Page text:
In the following, I will first outline the plots of the two films. Then I shall want to concentrate on the acute and post-traumatic stress disorder of the main protagonists. After that, I shall have a look at the thriller genre in general and at the posttraumatic thriller genre in particular. Touching briefly on the question why films are especially well suited to depict psychopathological films and what possibilities directors have to portray mental illness, I shall like to continue with Derry’s eight-part formula of the psychotraumatic thriller. As we will see, the preoccupation with trauma in a film is not enough for the film to be part of this category. Last, I like to finish with a discussion whetherThe MachinistandLucidmay be seen as representative films of the psychotraumatic thriller. I will come to the conclusion that – in contrast toLucidThe Machinistis a prototype of the above mentioned subgenre, for several reasons which I shall point out in due course.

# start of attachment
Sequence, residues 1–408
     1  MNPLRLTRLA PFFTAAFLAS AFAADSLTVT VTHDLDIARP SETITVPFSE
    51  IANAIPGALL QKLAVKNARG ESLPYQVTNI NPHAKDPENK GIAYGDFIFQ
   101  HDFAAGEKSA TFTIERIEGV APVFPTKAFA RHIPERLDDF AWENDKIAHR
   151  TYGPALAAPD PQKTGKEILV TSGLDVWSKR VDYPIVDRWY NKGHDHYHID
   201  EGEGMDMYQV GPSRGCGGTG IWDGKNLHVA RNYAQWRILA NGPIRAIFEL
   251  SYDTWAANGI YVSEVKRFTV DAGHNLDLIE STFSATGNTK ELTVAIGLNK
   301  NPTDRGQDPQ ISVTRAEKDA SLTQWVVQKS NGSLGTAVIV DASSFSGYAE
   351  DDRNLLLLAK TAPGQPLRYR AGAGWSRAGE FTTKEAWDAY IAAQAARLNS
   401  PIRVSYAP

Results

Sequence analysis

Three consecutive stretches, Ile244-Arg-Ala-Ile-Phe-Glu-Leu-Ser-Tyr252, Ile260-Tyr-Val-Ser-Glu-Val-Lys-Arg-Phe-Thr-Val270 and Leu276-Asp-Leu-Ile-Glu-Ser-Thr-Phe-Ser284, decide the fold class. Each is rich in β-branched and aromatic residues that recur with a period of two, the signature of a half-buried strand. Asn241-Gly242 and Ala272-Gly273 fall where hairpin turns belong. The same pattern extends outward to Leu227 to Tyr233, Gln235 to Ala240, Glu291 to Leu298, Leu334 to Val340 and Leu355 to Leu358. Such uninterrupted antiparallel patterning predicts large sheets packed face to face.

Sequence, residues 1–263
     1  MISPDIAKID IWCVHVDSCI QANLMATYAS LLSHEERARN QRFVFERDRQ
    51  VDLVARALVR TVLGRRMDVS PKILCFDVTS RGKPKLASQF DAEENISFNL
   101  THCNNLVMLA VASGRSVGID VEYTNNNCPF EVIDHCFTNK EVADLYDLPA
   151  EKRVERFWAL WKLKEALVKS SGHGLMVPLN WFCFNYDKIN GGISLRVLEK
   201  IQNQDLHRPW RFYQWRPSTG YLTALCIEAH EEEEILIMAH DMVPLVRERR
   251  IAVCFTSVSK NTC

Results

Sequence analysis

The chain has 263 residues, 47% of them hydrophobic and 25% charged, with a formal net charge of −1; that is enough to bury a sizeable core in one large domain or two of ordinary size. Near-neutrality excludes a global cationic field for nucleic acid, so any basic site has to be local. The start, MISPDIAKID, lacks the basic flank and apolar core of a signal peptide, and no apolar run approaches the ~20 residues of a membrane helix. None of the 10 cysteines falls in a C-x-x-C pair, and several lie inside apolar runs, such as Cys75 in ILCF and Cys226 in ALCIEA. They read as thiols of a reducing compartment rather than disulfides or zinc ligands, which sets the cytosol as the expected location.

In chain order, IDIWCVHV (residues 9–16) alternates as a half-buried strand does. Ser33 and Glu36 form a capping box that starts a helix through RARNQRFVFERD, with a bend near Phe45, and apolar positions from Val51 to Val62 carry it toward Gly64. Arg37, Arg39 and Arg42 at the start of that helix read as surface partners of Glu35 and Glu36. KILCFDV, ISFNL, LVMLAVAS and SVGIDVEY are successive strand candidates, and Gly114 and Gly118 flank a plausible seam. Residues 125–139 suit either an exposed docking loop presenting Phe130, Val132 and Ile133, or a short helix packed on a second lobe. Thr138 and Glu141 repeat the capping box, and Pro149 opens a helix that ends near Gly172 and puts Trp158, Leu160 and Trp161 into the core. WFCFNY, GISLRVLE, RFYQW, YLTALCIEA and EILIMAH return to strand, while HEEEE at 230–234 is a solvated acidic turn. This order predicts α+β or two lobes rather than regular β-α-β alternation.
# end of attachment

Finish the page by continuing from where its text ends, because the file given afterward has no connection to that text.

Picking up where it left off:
2. The Plots

2.1. Lucid